As the title of Daniel Peretti’s book, ‘Superman In Myth And Folklore’, shows its more an exploration of how the Man of Steel has become part of modern American folklore than the comicbooks themselves. I have to confess to not being surprised by this. After all, the USA is a mixed immigrant culture which, outside of Native American cultures, doesn’t really have any folklore. Mind you, that might explain why the Big Foot/Sasquatch legend became so prominent. In many respects, as an alien immigrant himself, Superman had a lot in common with his host country, although the origin is only really touched on in the first issue when he first came out in 1938 and only in later issues is much reference given until the 1960s when the original Superman was relegated to Earth-2.
Peretti points out in his introduction that he is exploring the folklore aspect and what it means to the various people he interviews and how having the ‘S’ motif tattoo has become common even amongst those who don’t actually read the comics. Saying that, there has been an influence from the films and TV series. Peretti doesn’t dwell on that photo of Dean Cain and Terri Hatcher where the former had a seeming tattoo on his arm which must have had an influence on the developing tattoo culture we have today. Peretti points out that men have the ‘S’ motif on their upper arms while women have it on their chest in various sizes. Even so, you would have to wonder if Supergirl had any influence. It isn’t as though she hasn’t had a film or other appearances since her ‘death’ in the ‘Crisis On Infinity Earths’ maxi-series.
Peretti points out a comment made by Denny O’Neil that Superman has been developed by a lot of different people over the years and has had an accelerated folklore. I think that can be said of any of the major super-heroes come to that. Considering how DC Comics draws upon the various mythologies to make their super-heroes ever more god-like, it’s drawing on the appeal of earlier times. People seem to be drawn to characters that are infinitely powerful. The descriptions that Superman can’t stop every disaster or save everyone is a neat rational for our world that has a similar connotation in religion. It is the belief that the power is not necessarily the deed that holds sway. The morality of Superman is seen as something to emulate although you have to ask how it fails with some people. Even some of Superman’s writers have expressed the thought what would Superman do in this situation before doing something brave. For my part, I think being invulnerable makes any act of bravery a mote point.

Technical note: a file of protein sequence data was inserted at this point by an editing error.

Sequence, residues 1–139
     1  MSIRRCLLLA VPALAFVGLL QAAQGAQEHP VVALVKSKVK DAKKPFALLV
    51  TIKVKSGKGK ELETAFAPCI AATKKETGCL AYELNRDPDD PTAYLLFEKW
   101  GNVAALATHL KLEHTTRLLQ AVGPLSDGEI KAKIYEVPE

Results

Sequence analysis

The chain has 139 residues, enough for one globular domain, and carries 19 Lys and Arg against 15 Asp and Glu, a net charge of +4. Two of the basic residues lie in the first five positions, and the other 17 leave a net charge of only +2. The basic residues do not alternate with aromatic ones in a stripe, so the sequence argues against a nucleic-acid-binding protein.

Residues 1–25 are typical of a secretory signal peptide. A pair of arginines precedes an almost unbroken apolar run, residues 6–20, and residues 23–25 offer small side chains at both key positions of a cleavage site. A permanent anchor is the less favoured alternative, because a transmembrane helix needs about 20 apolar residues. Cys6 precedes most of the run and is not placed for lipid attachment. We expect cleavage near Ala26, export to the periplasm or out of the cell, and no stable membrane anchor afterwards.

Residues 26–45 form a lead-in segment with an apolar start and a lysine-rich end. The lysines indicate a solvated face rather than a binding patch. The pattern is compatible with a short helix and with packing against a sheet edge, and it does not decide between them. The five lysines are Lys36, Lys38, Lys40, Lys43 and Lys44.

I’m less sure if reading Superman would want you to turn into a scientist. I thought Science Fiction cornered that job placement. Surely, if you wanted to be anything like Superman, then you’d find yourself a job as a news reporter, like that chap Clark Kent whom he’s friendly with. It does make you think why dual identities hasn’t caught on anywhere else outside the comicbooks.
An observation that Peretti makes that Superman is humourless and there are only 4 jokes about him is telling. However, the same could be said of most of DC Comics super-heroes with a few exceptions who were designed that way. With one of the jokes regarding there is no Invisible Man character in the DC Comics catalogue, there are a couple younger versions in their 30th century. The Wonder Woman/Invisible Man joke is more to do with what you can’t see and with the way Superman’s eyes work, you would think he would spot anything invisible. Maybe I’m too analytical.
If anything, this is probably the nearest thing to Peretti looking at any bad aspects of Superman as he wished to stay on a positive note throughout the book. I can answer one question for him as to why no one really sees Superman as an orphan and draw a comparison to Bruce Wayne, who was traumatically orphaned at an older age. As a baby brought to Earth, the only parents he knew were the Kents so he was never left alone. Even when Superman discovered who his real parents were, he never broke his ties to the Kents. If anything, Bruce Wayne is the antithesis of this and look where that led.
I do think Peretti should have balanced out things with looking at the bad effects of Superman, even if it’s only from people’s need for an imaginary icon to look up to. Nonetheless, you do learn a lot about aspects of American culture here.
As to the price, I suspect a couple years down the line, a paperback version will be available.
(pub: University Press Of Mississipi, 2017. 190 page partial illustrated indexed hardback. Price: $65.00 (US), £60.50 (UK). ISBN: 978-1-4968-1458-6)